Berlin and Amsterdam
Paul Hermann's friendship with Ada Weevers was lasting; he often visited her family, learned Dutch, and she visited him in Berlin. In February 1931, Paul gave a recital with Géza Frid in the hometown of his new fiancée. The program included Bartók's Rhapsody. The critic in Amersfoort wasn't used to new music: “Perhaps we can digest the numerous ultramodern dissonances better on another occasion.” Paul and Ada were married in Amersfoort on September 29, 1931, and they moved to his apartment in Berlin.
Ada described her first experiences in a long letter to her younger brother, Jaap. The newlyweds couldn't afford to “just go to any concert;” it was too expensive. As an alternative, they listened to concerts on the radio and sometimes attended house concerts. The programs were invariably modern: Hindemith, Stravinsky. Previously this music was performed in concert halls, but now in the absence of sufficient public, in private homes. These concerts often attracted more than a hundred people, and there was a sense of belonging together, everybody shook hands with one another. Ada estimated that Paul knew at least a third of the public, including Hindemith. The young couple soon moved into another apartment in a new, green Berlin neighborhood. Ada wrote to her family: “The stairwell is big enough to move a grand piano, so ... for the time being, we will only buy two beds and two pans for cooking.” Shortly after, they were able to purchase an old Bechstein grand piano.
Hermann continued performing frequently with Székely and Frid in the Netherlands, also in the Concertgebouw. Székely and Hermann played in a recital for the Holland section of iscm at the Amsterdam Conservatory on March 23, 1932. The program included a premiere of the solo violin sonata by Willem Pijper, a solo cello sonata by Bertus van Lier, Ernst Toch's Divertimento and – as now standard practice - two works for violin and cello by Kodály and Bartók. The written press was unanimously enthusiastic. Newspaper Het Volk reported that: “The violinist Zoltán Székely and cellist Paul Hermann, who have both made a second homeland here, are genuine propagandists for our newest music; which, in its development, shows a striking resemblance to the Hungarian school.”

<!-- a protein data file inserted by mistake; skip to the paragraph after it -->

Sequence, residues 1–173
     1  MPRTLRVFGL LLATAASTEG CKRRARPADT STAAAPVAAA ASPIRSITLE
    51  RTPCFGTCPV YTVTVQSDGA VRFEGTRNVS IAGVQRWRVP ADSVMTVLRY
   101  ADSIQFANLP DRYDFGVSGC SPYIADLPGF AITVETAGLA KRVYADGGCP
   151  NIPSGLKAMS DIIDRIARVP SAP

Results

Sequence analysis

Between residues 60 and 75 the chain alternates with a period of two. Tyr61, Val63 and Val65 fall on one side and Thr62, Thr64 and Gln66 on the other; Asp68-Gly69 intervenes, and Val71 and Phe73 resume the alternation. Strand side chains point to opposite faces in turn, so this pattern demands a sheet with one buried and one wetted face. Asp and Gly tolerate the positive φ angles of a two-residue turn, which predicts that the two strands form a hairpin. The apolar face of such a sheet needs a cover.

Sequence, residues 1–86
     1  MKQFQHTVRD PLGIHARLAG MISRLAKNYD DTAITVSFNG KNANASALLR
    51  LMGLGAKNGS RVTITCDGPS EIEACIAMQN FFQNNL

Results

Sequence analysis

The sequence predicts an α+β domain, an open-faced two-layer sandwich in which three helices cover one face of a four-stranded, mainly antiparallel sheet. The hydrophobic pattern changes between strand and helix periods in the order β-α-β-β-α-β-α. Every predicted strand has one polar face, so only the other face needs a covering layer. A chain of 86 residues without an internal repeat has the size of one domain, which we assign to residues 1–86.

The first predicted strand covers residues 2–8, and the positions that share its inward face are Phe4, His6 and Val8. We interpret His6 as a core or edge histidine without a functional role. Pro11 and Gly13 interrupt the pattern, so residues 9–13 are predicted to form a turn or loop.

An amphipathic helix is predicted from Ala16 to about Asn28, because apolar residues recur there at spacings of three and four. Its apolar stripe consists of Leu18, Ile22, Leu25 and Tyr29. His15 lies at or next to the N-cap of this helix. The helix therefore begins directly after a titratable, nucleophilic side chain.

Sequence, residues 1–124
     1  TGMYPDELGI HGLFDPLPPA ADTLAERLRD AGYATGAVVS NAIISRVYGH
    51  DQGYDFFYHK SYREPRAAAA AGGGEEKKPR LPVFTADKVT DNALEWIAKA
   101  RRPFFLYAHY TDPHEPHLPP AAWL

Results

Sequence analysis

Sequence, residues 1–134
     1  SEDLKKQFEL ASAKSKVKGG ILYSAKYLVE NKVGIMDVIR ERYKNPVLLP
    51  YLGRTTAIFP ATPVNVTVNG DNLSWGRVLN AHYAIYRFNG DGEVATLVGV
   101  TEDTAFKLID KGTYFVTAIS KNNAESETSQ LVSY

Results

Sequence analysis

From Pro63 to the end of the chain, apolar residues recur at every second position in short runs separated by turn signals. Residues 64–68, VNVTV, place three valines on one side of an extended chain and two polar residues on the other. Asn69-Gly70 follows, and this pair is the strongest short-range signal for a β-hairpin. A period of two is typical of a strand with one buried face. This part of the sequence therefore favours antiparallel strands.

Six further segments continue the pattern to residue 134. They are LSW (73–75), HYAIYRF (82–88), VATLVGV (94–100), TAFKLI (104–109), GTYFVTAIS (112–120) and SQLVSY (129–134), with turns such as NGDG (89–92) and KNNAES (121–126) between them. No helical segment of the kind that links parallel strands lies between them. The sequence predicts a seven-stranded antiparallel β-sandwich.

Happiness and tragedy
In the summer of 1932, Ada gave birth to a daugther, Cornelia, in her parent's home in Amersfoort. And Paul was making lots of progress with radio broadcasts in Germany, the Netherlands and England. In January 1933, Hitler seized power as Chancellor. Paul Hermann was of Jewish origin, but had never paid much attention to this aspect. There were many Jews in their artistic circles. It is inevitable that Hitler's anti-Semitic ideas were the topic of the day. The time came to leave Berlin. Certainly Ada's father was very much opposed to anti-Semitism and everything connected to it. He surely recognized the threatening circumstances in Berlin at an early stage. The young family returned to the Netherlands and spent the summer holiday of 1933 at the family summer home in Ouddorp. It was there that life suddenly took a tragic turn. While swimming in the sea, Ada was caught in a gully; she died of a pneumonia in October 1933, only 25 years old. Their baby daughter was lovingly taken care of by Ada’s family. Paul Hermann settled in Brussels to continue his career. From 1933 to 1935 he was part of the Hungarian Gertler quartet; when they performed in Budapest, he visited Kodály and his wife. Hermann wrote to Székely's Dutch wife: “We live here very comfortably, we haven't rehearsed yet, but will start tomorrow. We'll play for the radio on March 1st and on March 7th, and are giving a public performance. [...] I probably will play a “solo” on the radio. [...] I am back in Brussels on March 21st, then I will travel to Amersfoort as soon as possible to see my Bölö [daughter].” Striking is the apparent ease of his flawlessly written Dutch.